Causes, Symptoms, Diagnosis, Treatment, And Risk Factors Of Neuroma


Neuroma is a non-cancerous painful condition that affects the ball of your foot, mostly found between the third and fourth toes. The third and fourth toes are most affected because their space is narrower compared to other toes. It affects both men and women but is most common in women. Neuroma causes thickening of tissues around the nerves leading to your toes, so you will feel burning, stinging, or numbness in the affected area. Foot specialists can treat neuroma, but it can worsen, requiring surgery if you go for a long time without treatment. Get your Lenox Hill Neuromas treatment before it is too late.


Neuroma develops when irritation, pressure, or injury occurs to one of the nerves leading to your toes.


You may not notice signs of neuroma on your foot. Pain will progress as time goes, and the symptoms worsen over time. The symptoms of neuroma include:

  • Stinging and burning pain in the forefoot and between your toes.
  • Swelling between your toes
  • Tingling and numbness in the ball of your foot
  • Pain on your foot when weight is applied to it


Your specialist will diagnose neuroma through your symptoms and physical examination. X-ray rules out other conditions that can cause foot pain, such as arthritis, and an ultrasound or MRI is used to confirm the diagnosis. Electromyography, a test that measures the electrical activity in your nerves, can also rule other diseases with symptoms similar to those of neuroma.


Treatment depends on the severity of your condition. Doctors use the following treatments to relieve pain or prevent further damage.

Non-steroid anti-inflammatory drugs: Examples are ibuprofen or aspirin. These drugs help to reduce inflammation.

Orthotics: Orthotics are shoe inserts that control foot mechanical imbalances that may be causing pressure on the affected area.

Padding: Special paddings may help relieve pain and change abnormal foot function.

Injections: Doctors use cortisone injections to ease acute pain and inflammation in neuroma.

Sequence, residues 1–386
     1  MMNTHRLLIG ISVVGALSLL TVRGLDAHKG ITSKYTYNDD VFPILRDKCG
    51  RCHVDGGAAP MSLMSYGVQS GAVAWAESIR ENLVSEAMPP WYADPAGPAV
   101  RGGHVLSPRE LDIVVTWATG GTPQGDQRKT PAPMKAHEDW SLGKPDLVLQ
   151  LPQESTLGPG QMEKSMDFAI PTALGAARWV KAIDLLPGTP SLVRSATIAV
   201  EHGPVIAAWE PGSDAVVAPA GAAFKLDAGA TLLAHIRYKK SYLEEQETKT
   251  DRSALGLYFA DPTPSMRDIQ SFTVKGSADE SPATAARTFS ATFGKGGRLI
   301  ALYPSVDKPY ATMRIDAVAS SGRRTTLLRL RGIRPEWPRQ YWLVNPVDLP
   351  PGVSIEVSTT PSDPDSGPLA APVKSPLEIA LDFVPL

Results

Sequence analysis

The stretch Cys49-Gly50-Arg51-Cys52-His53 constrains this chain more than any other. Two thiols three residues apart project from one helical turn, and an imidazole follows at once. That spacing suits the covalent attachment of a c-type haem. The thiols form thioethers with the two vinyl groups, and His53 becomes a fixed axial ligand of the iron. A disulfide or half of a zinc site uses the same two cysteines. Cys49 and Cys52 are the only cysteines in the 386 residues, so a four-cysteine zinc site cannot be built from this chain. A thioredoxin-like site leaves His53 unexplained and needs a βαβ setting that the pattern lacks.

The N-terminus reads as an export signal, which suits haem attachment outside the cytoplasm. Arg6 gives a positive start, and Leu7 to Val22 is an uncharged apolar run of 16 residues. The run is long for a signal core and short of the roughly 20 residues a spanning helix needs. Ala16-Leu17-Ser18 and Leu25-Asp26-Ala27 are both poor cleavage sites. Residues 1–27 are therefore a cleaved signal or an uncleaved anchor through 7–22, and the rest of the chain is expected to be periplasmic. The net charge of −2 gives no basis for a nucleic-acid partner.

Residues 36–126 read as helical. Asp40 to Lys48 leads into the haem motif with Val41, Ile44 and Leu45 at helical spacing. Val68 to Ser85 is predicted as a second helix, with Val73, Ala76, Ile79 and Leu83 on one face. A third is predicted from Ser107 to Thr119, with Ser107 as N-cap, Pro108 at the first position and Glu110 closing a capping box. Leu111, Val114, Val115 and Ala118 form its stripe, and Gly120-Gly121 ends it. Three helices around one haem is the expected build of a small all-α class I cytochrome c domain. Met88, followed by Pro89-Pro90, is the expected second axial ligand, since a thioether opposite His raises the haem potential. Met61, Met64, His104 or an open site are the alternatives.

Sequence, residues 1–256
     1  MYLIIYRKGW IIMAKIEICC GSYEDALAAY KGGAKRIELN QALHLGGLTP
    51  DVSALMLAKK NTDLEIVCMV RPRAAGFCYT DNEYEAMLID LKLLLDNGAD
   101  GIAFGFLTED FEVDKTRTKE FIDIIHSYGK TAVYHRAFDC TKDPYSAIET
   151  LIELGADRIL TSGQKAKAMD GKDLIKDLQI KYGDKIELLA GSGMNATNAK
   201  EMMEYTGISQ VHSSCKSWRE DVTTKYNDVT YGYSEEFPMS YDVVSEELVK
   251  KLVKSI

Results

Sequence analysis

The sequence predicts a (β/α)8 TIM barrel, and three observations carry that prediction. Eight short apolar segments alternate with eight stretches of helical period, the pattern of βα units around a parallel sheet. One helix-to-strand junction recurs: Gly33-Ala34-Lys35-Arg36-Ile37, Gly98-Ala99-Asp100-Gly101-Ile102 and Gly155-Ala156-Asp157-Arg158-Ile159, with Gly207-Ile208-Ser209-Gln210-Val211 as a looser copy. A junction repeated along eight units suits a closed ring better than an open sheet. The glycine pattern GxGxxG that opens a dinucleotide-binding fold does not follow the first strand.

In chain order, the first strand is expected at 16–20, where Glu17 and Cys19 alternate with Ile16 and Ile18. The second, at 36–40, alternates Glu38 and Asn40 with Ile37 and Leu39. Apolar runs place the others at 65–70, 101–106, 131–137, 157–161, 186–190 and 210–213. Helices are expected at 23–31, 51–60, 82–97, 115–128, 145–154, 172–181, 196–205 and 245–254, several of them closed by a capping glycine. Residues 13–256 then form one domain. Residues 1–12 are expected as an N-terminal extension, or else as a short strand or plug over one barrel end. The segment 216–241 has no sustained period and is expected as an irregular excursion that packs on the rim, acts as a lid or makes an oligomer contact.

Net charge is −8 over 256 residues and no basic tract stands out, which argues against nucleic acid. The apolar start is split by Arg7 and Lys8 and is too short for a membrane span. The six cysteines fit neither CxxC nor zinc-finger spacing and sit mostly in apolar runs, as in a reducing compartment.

Exercise: Taking stretching and strengthening exercises can ease neuroma symptoms.

Surgery: If early treatments do not work, neuroma progresses, requiring surgery. Your podiatric will have to remove the inflamed and enlarged nerve surgically.

Other treatment options used include using icing on an inflamed part to reduce pain and swelling and avoiding activities like running and dancing. Wearing comfortable shoes with a wide toe area and low-heeled can help ease neuroma symptoms.

Risk factors

The following factors contribute to neuroma:

High heels: Wearing high-heeled or tight-fitting shoes can cause too much pressure on your toes, leading to neuroma.

Certain sports: Participating in high-impact sports such as running and jogging can lead to recurring trauma on your feet. Sports involving tight shoes like rock climbing or snow skiing can exert pressure on your toes, resulting in neuroma.

Foot deformities: People with bunions, hammertoes, and high arches are at increased risk of getting neuroma. These foot types cause instability around your toe joints leading to the condition.

Trauma: This can damage your nerve resulting in inflammation or swelling.

You need to visit a reliable foot specialist if you experience extreme pain or cannot define the source of pain in your foot. Schedule an appointment with DeLoor Podiatry Associates to receive neuroma treatment.

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